You haven’t lived until you’ve experienced small town New England patriotic celebrations. The first thing that must be realized is that the beginning of this country in this region is a matter of sick and twisted pride. There is a remembrance of bloodshed. After all, the Revolutionary War started HERE. People fight about whose town is more important, as if we were living in a bad Christopher Guest film (something similar to Waiting for Guffman). This is the place where people regularly dress up in costume from the 1700’s, and march around playing fife and drum and waving flags, and pretend that the British are coming. Naturally, these people need something to do so most towns have a 4th of July parade. Chelmsford is no exception. We have a parade, a road race, and on the 3rd of July there is a county fair-style mess (to us it’s “the booths”) on the town common where different groups from town either sell food or have raffles and silly games where kids can win things like glow in the dark bouncy balls (which they then take home and immediately test out in the closet with their little brother, and accidentally crush little brother’s fingers in hinge side of closet door, leading to a trip to the emergency room).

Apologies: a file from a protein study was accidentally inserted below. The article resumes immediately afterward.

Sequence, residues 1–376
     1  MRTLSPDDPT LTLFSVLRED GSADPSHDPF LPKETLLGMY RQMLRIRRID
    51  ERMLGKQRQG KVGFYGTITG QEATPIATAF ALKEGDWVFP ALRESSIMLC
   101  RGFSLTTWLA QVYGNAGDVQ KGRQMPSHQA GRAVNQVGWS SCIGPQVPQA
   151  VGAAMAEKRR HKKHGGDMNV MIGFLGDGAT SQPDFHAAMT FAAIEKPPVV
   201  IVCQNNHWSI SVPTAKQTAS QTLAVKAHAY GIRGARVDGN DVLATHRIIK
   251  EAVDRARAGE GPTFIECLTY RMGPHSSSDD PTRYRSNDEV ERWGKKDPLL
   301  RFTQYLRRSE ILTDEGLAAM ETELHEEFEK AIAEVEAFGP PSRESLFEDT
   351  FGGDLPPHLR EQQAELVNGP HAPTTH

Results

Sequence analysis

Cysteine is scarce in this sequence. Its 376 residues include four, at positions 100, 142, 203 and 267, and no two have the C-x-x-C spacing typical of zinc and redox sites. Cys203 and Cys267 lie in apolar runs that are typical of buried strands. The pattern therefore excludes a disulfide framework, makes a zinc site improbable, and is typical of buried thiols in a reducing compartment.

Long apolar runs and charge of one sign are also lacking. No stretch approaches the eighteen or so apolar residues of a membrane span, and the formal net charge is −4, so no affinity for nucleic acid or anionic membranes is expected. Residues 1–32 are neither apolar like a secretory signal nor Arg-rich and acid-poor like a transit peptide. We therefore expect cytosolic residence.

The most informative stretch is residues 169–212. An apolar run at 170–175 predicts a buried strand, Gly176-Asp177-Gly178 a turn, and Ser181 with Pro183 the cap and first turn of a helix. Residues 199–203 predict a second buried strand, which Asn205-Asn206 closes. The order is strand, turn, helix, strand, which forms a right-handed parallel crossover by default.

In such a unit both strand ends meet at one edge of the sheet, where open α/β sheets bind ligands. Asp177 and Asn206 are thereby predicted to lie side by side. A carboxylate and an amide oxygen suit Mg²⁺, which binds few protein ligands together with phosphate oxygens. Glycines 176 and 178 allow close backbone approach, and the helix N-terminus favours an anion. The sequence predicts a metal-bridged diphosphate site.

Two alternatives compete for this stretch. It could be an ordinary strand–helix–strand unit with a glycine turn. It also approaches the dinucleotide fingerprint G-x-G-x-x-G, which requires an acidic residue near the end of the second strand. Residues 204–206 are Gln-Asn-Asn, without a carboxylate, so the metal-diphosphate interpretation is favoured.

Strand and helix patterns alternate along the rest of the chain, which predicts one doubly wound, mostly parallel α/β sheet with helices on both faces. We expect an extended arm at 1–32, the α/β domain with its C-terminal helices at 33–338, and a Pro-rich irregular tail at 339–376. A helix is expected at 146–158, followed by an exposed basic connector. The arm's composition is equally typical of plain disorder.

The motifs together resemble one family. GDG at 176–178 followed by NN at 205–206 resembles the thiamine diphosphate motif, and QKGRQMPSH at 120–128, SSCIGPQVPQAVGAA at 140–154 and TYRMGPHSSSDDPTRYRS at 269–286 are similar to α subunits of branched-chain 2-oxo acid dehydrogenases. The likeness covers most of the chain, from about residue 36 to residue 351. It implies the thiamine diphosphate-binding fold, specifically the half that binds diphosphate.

What does it mean to be an American? Is it something we should be proud of? There was a time when being an American stood as an association with those who saved the people of Normandy from the approaching doom of Hitler’s invasion. Being an American also matched you up with the painted caricatures of US government heads like Reagan and Bush and negative words on the sides of buildings in Havana. While the paintings are propaganda, it still remains true that the embargo made it near impossible for Cubans to access much-needed antibiotics and other medications produced by American pharma corporations. (Thankfully, now a lot of these medications are being produced overseas so I would hope that has changed).